Does Imperial Brands share price weakness offer me a top dividend buy?

Even with a rebased dividend, the low Imperial Brands share price still puts yields above 8%. It’s one of my top FTSE 100 dividend buys.

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After I recently examined Imperial Brands (LSE: IMB), the upwards momentum has continued. In 2021, the Imperial Brands share price is up 6%. Still, it’s dropped 3% on Thursday as I write, and is now behind the FTSE 100 year-to-date. And the shares are down 57% over five years. But since November’s lows, we are looking at a 34% gain. So is there really a long-term recovery for Imperial Brands happening?

This month’s first-half results looked good. Reported revenue was 6.1% ahead of last year, as the company says it benefited from strong pricing. Statutory results were weighted positively with one-offs. But on an adjusted basis, the figures were still impressive. Operating profit gained 8.1%, with earnings per share up 6.9%. The company lifted its interim dividend by 1%.

So why is the Imperial Brands share price one of the few in the FTSE 100 still way below pre-pandemic levels? Improving profits might not satisfy investors if a company is racking up debt. But that’s not the case at Imperial Brands. No, the company reported “good deleverage progress with net debt reduced by >£3bn on a 12-month basis.”

Imperial Brands share price valuation

Overall, Imperial says its “full year guidance remains unchanged with low-mid single-digit organic adjusted operating profit growth.” That suggests the second half will not be quite as good. But we’re probably looking at a forward P/E of around 6.3. That’s based on the current Imperial Brands share price, which has risen since November. It’s almost scary to think that back then, IMB shares could have been picked up on a P/E of under five.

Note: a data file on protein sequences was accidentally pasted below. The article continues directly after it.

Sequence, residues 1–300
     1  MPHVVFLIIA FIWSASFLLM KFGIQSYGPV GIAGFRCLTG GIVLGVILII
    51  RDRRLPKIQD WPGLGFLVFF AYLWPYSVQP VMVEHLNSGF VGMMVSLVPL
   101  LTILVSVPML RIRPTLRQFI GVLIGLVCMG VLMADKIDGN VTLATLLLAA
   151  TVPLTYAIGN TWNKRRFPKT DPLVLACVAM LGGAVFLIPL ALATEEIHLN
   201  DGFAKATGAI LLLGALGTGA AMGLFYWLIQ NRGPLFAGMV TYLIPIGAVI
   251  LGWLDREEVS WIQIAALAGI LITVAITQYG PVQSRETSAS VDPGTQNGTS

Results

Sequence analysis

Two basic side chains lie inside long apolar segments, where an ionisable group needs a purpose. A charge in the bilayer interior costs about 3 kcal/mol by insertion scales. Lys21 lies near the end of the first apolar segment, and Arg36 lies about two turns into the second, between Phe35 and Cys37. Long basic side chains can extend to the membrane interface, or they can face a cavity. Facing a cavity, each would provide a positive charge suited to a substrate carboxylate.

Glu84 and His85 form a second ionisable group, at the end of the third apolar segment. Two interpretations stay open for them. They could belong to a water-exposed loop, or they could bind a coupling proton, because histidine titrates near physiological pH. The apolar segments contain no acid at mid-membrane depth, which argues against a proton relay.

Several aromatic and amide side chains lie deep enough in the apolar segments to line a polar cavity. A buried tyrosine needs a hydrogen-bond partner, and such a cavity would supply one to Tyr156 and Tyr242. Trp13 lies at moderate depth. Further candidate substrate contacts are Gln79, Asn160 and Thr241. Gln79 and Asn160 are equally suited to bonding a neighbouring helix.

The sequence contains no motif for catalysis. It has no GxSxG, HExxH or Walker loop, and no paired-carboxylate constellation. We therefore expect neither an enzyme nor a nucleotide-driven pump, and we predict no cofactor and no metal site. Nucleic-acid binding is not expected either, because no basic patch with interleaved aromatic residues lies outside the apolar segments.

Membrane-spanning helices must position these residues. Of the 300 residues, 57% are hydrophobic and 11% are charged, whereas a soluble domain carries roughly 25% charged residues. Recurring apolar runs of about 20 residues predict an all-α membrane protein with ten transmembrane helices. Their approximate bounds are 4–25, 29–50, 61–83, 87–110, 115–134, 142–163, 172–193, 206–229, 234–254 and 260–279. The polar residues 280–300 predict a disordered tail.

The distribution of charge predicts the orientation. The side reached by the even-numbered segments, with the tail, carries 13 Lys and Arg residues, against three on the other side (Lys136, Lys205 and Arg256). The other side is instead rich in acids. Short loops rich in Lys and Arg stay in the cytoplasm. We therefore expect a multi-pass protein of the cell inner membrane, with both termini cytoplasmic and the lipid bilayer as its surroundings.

Imperial brands has long enjoyed strong cash flow with solid cash conversion. And that’s one of the things that has made me see it as a solid dividend stock. But that was reset last year, as the company rebased its dividends. It was part of deleveraging and debt reduction. Now, I don’t like to see dividends cut. But I do think it’s better to deleverage now in order to support a more reliable long-term payment strategy. Paying big dividends while shouldering big debt has never struck me as a good idea.

What’s holding it back?

If the dividend this year rises in line with operating profit guidance, I think we should see around 140p per share. With the Imperial Brands share price at 1,630p as I write, that would be an 8.6% yield. And we’d probably see cover by earnings of around 1.9 times. So, one of the FTSE 100’s best yields, with strong cover. Why isn’t the market interested?

It’s surely got to be down to fears over the long-term future of tobacco. I’ve made the mistake of thinking BP and Shell would be fine during my investing lifetime, despite the move from fossils fuels. But both dividends have been cut and both share prices have slumped. Still, I doubt the world will move to kick the tobacco habit in anything like the same timescale. There’s a risk I’ve got it wrong again, sure. But the low Imperial Brands share price still puts the stock on my dividend shortlist.

Should you invest, the value of your investment may rise or fall and your capital is at risk. Before investing, your individual circumstances should be considered so you should consider taking independent financial advice.

Alan Oscroft has no position in any of the shares mentioned. The Motley Fool UK has recommended Imperial Brands. Views expressed on the companies mentioned in this article are those of the writer and therefore may differ from the official recommendations we make in our subscription services such as Share Advisor, Hidden Winners and Pro. Here at The Motley Fool we believe that considering a diverse range of insights makes us better investors.

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